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778Human rights groups angry at US backing for brutal Uzbek regime

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  • Greg Cannon
    May 14, 2005
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      Anger as US backs brutal regime

      Human rights concerns as troops put down uprising in

      Nick Paton Walsh in Moscow and Paul Harris in New York
      Sunday May 15, 2005
      The Observer

      Heated criticism was growing last night over 'double
      standards' by Washington over human rights, democracy
      and 'freedom' as fresh evidence emerged of just how
      brutally Uzbekistan, a US ally in the 'war on terror',
      put down Friday's unrest in the east of the country.

      Outrage among human rights groups followed claims by
      the White House on Friday that appeared designed to
      justify the violence of the regime of President Islam
      Karimov, claiming - as Karimov has - that 'terrorist
      groups' may have been involved in the uprising.

      Critics said the US was prepared to support
      pro-democracy unrest in some states, but condemn it in
      others where such policies were inconvenient.

      Witnesses and analysts familiar with the region said
      most protesters were complaining about government
      corruption and poverty, not espousing Islamic

      The US comments were seized on by Karimov, who said
      yesterday that the protests were organised by Hizb
      ut-Tahrir, an Islamic group often accused by Tashkent
      of seditious extremism. Yet Washington, which has
      expressed concern over the group's often hardline
      message, has yet to designate it a terrorist group.

      Scott McClellan, the White House spokesman, tried to
      deflect accusations of the contradictory stance when
      he said it was clear the 'people of Uzbekistan want to
      see a more representative and democratic government.
      But that should come through peaceful means, not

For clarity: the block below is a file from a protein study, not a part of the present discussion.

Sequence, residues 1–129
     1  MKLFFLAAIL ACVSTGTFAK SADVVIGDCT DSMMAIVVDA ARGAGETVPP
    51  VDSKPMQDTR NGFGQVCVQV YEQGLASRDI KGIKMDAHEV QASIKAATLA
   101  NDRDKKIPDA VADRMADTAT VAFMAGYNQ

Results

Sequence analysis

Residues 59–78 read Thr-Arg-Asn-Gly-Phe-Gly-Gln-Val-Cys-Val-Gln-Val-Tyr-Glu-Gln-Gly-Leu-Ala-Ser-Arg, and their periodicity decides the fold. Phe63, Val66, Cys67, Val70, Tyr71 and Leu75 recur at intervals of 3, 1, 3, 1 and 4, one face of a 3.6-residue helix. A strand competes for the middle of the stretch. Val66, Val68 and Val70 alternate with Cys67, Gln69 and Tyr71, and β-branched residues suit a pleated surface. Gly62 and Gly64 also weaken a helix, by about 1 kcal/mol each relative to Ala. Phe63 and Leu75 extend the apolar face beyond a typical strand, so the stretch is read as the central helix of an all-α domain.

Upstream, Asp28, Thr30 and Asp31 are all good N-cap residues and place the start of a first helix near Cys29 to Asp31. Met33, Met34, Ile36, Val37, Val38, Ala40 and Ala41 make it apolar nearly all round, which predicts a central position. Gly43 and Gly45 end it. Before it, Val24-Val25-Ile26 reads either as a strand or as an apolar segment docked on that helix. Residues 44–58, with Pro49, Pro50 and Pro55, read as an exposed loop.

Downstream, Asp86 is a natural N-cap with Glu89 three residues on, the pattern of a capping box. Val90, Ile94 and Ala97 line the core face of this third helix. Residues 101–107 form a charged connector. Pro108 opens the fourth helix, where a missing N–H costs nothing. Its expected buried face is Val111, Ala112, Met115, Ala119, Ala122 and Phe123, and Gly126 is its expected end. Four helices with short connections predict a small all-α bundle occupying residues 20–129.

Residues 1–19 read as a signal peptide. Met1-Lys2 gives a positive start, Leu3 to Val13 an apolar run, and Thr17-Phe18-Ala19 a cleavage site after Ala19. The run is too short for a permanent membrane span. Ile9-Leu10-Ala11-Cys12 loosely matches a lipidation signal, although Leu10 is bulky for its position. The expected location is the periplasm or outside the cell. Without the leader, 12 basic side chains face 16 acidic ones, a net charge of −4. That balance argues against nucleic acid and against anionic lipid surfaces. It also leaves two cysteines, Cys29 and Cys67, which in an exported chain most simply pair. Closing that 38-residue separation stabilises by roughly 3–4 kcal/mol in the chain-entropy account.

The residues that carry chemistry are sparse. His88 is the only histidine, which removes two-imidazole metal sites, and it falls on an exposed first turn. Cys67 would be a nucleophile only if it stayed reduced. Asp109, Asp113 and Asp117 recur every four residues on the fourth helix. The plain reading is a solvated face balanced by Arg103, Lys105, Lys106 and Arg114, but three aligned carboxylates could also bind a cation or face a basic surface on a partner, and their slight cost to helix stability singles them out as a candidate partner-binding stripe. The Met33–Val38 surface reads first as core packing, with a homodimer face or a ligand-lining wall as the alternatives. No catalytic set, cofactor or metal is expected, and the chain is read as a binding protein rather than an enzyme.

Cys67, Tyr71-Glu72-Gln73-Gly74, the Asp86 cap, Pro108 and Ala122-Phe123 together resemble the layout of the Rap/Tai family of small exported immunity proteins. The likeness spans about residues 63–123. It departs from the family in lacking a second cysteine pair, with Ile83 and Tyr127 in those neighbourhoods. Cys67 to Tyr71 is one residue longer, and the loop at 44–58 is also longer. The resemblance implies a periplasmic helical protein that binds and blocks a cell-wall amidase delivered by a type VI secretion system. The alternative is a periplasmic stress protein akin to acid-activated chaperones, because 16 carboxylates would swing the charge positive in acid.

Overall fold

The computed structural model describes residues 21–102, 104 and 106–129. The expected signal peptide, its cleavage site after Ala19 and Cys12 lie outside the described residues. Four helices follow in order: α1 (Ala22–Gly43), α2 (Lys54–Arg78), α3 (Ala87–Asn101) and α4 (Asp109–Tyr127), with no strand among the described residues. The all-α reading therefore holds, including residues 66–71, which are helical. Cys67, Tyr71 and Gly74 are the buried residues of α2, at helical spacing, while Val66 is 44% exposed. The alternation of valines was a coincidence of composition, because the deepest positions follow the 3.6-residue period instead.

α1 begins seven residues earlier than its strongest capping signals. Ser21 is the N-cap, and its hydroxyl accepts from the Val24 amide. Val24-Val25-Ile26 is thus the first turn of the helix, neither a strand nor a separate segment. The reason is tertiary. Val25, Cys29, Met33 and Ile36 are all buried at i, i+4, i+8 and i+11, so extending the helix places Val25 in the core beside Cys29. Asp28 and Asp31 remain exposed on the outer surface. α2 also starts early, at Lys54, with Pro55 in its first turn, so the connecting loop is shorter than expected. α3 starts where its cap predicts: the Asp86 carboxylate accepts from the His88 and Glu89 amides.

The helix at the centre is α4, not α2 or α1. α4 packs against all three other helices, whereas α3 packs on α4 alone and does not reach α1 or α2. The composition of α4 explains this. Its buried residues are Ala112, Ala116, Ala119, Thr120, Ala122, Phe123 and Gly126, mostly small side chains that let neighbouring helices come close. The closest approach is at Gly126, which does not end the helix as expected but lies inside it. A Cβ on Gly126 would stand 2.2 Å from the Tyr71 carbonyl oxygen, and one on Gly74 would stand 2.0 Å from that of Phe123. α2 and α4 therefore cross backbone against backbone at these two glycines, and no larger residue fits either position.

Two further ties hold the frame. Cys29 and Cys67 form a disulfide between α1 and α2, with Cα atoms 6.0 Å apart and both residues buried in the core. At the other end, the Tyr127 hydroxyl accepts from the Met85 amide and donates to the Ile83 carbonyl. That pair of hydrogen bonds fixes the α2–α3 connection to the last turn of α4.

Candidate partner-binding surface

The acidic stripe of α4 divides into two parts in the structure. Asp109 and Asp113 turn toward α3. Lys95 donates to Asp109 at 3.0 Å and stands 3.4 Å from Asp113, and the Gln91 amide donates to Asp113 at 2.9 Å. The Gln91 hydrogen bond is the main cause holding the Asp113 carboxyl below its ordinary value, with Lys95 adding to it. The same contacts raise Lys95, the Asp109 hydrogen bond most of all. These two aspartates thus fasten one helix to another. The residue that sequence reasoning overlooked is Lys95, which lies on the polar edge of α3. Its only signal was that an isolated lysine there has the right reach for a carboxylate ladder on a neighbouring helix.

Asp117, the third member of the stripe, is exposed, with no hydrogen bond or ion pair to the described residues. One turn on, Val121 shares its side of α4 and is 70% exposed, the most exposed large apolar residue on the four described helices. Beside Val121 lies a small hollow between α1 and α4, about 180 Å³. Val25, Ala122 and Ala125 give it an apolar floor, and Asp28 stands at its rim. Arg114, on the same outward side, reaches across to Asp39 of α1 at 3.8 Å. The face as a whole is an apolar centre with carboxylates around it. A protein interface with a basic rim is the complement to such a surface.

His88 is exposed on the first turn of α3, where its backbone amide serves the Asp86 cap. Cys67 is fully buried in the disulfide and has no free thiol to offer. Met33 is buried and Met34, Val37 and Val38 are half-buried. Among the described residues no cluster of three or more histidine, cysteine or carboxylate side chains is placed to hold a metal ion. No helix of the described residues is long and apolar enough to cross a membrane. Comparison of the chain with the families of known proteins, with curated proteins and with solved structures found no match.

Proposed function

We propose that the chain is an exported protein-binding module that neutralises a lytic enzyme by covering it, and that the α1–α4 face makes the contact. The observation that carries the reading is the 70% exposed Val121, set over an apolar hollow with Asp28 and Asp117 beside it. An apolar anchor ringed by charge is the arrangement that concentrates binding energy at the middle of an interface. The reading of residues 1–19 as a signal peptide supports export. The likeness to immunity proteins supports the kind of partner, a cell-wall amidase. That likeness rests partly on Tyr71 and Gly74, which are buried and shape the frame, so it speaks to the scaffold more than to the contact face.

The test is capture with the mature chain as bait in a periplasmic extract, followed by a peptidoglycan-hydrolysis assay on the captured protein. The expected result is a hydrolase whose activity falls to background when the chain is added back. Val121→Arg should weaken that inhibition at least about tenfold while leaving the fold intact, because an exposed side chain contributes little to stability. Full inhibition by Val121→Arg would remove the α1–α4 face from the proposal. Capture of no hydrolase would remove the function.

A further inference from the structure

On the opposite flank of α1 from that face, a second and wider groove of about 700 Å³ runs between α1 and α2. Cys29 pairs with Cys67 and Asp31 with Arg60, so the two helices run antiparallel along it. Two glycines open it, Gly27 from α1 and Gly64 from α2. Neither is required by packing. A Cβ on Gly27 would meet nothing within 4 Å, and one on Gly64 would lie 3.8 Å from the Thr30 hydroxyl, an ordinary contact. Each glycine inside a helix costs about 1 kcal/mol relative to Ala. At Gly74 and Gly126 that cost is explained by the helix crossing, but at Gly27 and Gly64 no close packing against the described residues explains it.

through violence.'

      Washington has often been accused of being involved in
      a conspiracy of silence over Uzbekistan's human rights
      record since that country was declared an ally in the
      'war on terror' in 2001.

      Uzbekistan is believed to be one of the destination
      countries for the highly secretive 'renditions
      programme', whereby the CIA ships terrorist suspects
      to third-party countries where torture is used that
      cannot be employed in the US. Newspaper reports in
      America say dozens of suspects have been transferred
      to Uzbek jails.

      The CIA has never officially commented on the
      programme. But flight logs obtained by the New York
      Times earlier this month show CIA-linked planes
      landing in Tashkent with the same serial numbers as
      jets used to transfer prisoners around the world. The
      logs show at least seven flights from 2002 to late
      2003, originating from destinations in the Middle East
      and Europe.

      Other countries used in the programme include Egypt,
      Saudi Arabia, Jordan, Syria and Morocco. A handful of
      prisoners' accounts - including that of Canadian Maher
      Arar - that emerged after release show they were
      tortured and abused in custody.

      Critics say the US double standards are evident on the
      State Department website, which accuses Uzbek police
      and security services of using 'torture as a routine
      investigation technique' while giving the same law
      enforcement services $79 million in aid in 2002. The
      department says officers who receive training are
      vetted to ensure they have not tortured anyone.

      The aid paradox was highlighted by the former British
      Ambassador to Uzbekistan, Craig Murray, who criticised
      coalition support for Uzbekistan when they were
      planning invading Iraq, using similar abuses as

      Murray said yesterday: 'The US will claim that they
      are teaching the Uzbeks less repressive interrogation
      techniques, but that is basically not true. They help
      fund the budget of the Uzbek security services and
      give tens of millions of dollars in military support.
      It is a sweetener in the agreement over which they get
      their air base.'

      Murray said that during a series of suicide bombings
      in Tashkent in March 2004, before he was sacked as UK
      ambassador, he was shown transcripts of telephone
      intercepts in which known al-Qaeda representatives
      were asking each other 'what the hell was going on.
      But then Colin Powell came out and said that al-Qaeda
      were behind the blasts. I don't think the US even
      believe their own propaganda.'

      The support continues, seen by many as a 'pay-off' for
      the Khanabad base. The US Embassy website says
      Uzbekistan got $10m for 'security and law enforcement
      support' in 2004.

      Last year Human Rights Watch released a 319-page
      report detailing the use of torture by Uzbekistan's
      security services. It said the government was carrying
      out a campaign of torture and intimidation against
      Muslims that had seen 7,000 people imprisoned, and
      documented at least 10 deaths, including Muzafar
      Avozov, who was boiled to death in 2002.

      'Torture is rampant,' the reported concluded. Human
      Rights Watch called for the US and its allies to
      condemn Uzbekistan's tactics.